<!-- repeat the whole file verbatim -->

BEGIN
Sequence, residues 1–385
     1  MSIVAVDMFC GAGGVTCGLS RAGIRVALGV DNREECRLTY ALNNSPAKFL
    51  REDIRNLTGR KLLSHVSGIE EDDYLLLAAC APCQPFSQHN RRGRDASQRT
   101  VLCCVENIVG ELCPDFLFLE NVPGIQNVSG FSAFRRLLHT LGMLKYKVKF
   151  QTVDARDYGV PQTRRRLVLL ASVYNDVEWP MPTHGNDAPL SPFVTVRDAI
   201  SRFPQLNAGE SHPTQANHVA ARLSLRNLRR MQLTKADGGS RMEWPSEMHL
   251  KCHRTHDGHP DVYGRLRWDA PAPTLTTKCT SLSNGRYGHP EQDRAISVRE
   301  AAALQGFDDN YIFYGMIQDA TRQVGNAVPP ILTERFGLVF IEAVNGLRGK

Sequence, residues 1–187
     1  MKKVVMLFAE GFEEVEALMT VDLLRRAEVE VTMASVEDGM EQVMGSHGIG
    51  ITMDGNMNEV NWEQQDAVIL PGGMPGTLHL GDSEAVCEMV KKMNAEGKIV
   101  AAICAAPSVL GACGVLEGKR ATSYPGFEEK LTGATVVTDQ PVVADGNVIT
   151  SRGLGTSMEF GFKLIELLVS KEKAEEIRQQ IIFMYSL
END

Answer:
Sequence, residues 1–385
     1  MSIVAVDMFC GAGGVTCGLS RAGIRVALGV DNREECRLTY ALNNSPAKFL
    51  REDIRNLTGR KLLSHVSGIE EDDYLLLAAC APCQPFSQHN RRGRDASQRT
   101  VLCCVENIVG ELCPDFLFLE NVPGIQNVSG FSAFRRLLHT LGMLKYKVKF
   151  QTVDARDYGV PQTRRRLVLL ASVYNDVEWP MPTHGNDAPL SPFVTVRDAI
   201  SRFPQLNAGE SHPTQANHVA ARLSLRNLRR MQLTKADGGS RMEWPSEMHL
   251  KCHRTHDGHP DVYGRLRWDA PAPTLTTKCT SLSNGRYGHP EQDRAISVRE
   301  AAALQGFDDN YIFYGMIQDA TRQVGNAVPP ILTERFGLVF IEAVNGLRGK

Sequence, residues 1–187
     1  MKKVVMLFAE GFEEVEALMT VDLLRRAEVE VTMASVEDGM EQVMGSHGIG
    51  ITMDGNMNEV NWEQQDAVIL PGGMPGTLHL GDSEAVCEMV KKMNAEGKIV
   101  AAICAAPSVL GACGVLEGKR ATSYPGFEEK LTGATVVTDQ PVVADGNVIT
   151  SRGLGTSMEF GFKLIELLVS KEKAEEIRQQ IIFMYSL